Review~ Interesting But Ultimately Flawed, Typical Oliver Stone Work; Savages

Savages, with Taylor Kitsch, Blake Lively, Aaron Johnson, Benicio Del Toro, Salma Hayek & John Travolta.  Oliver Stone, director.  I tend to like Stone’s movies, even though there’s always something terribly wrong about them in total, in part or in concept.  This was no exception.  So many people hate his films that it’s a wonder he still gets funding to continue on.  Apparently, he has an audience of some kind, though I’m not quite sure (other than myself) who they are – which (I think) I’ve said before, but haven’t searched to find the repetition, so please forgive me if I’m having a genetic memory.  This thing was interesting & seemed to be playing with the word “savages” all the way through.

A loving threesome, a literal description, battle the forces of Mexico’s drug cartels on American soil.  Their choices & loyalties an ever present weakness, as is their innate compassion.  In over their heads, or just clever.  You decide.

Lively comes across as visually odd to me.  When I peruse head shots of her, it’s definitely not an impressive task.  Comes across a bit plain of face & needing the services of a spa, for her skin’s sake.  Yet, on film she’s surprises me as quite the attractive vixen.  Beautiful, especially when moving about, slinking around.  I do admire her acting ability, she definitely knows her stuff.  She compliments Johnson & Kitsch well.  If I had to dig to find a criticism of her, I’d say she doesn’t quite draw sympathy from an audience; but that’s not always necessary.  We’ll see if she’s eventually put to the test in something a bit more focused on her.

Hayek really stands out, supporting an cobbled together cast.  Now, there’s a true beauty & an extreme talent.  I’m sure she had quite a blast playing the villain, & it showed.

Stone’s skill at spending a lot of time & money on showing familiar places in a different light is what I usually see first.  Southern California & Northwest Mexico (Tijuana environs) seem so alive, without the cliche’s & redundancies.  He is a master, one has to admit.  If one were to believe his vision, it’s a beautiful area, filled with beautiful people, smoking the best marijuana available on the planet.  A lot of ne’re do wells, even more gangsters, lots of shopping & nice cars.  This pretty well sums up his setting.  Believe me, it sounds trivial but his sets, locations, backgrounds, extras & etc. are very important in his movies.  Give it some thought, you’ll agree – eventually.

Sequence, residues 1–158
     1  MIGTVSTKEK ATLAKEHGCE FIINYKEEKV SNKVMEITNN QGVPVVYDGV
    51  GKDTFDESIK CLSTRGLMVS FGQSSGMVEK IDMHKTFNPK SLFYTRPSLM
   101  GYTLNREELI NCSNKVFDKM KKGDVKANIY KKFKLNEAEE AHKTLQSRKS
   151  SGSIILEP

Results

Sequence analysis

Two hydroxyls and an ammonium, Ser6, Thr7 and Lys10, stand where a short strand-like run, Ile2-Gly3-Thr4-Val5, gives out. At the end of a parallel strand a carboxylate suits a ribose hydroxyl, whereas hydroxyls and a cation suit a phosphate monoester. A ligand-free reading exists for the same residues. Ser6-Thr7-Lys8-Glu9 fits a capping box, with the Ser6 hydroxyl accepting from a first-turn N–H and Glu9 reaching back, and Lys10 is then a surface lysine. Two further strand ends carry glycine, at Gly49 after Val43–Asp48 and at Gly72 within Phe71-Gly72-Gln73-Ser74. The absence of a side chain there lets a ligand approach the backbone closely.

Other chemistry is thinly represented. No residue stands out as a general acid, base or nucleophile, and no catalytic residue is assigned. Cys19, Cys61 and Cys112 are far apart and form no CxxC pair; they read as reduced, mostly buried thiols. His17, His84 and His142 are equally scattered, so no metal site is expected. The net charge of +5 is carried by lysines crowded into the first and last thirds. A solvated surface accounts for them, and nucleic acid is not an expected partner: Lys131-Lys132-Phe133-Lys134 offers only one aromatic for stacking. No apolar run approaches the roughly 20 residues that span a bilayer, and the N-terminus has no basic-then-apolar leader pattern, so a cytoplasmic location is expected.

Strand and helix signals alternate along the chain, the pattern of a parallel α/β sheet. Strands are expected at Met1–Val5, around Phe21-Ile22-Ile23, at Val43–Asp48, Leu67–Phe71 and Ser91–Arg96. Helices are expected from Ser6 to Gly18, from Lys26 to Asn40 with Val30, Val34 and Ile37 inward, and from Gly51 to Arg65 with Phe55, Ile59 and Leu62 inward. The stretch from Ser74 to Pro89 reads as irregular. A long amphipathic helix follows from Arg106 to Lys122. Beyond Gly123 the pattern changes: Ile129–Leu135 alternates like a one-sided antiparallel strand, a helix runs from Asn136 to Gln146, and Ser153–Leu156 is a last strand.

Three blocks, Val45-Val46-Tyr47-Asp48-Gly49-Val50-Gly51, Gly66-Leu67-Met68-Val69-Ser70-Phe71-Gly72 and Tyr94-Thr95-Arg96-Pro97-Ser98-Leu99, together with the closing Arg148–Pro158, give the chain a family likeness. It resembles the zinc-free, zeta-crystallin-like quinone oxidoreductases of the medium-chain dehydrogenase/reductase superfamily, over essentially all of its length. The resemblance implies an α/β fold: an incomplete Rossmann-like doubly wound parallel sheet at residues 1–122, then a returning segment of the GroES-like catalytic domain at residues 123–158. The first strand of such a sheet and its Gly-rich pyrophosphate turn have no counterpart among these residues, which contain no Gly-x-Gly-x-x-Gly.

My gushing & admiration of Kitsch is embarrassing, I know.  But I really do think he’s a great action star.  If I was a twenty-something or seventy-something, I’d still like him.  He’s actually able to act!  Which I’ve been saying over & over.  Stop me if you can’t stand it anymore.  An Oliver Stone movie is definitely an underline on his resume’.

Johnson (briefly seen in Albert Nobbs), I have no opinion on quite yet.  I can’t tell if he’s just coasting or attempting to be something.  How he got this part is completely beyond me; headlining over Del Toro (who’s magnificent & brooding as usual) Hayek & Travolta (who I refuse to describe further, other than he’s not hiding his noggin’s male pattern anymore).

Describing the movie’s “feel”?  If there was a musical score, which there had to be, the visuals & action totally distracted me & I can’t remember it.  It’s a busy, busy film.  Seemingly complicated, but really not.  I’m going to recommend this film with the caveat – don’t blame me if you don’t like the ending.  Some people want their cake & eat it too.  It’s a bit of a mess that would have been best left to an extra’s disc, on its eventual dvd release.

It’s brutish, but not overly brutal.

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One response

  1. Dammit! Now I HAVE to watch it!! I, too, like Taylor Kitsch and I saw him as Gambit in X Men: Origins which I loved and he was brilliant in Battleship as Alex Hopper so I can quite understand that you’re impressed with the man’s acting ability! Great review.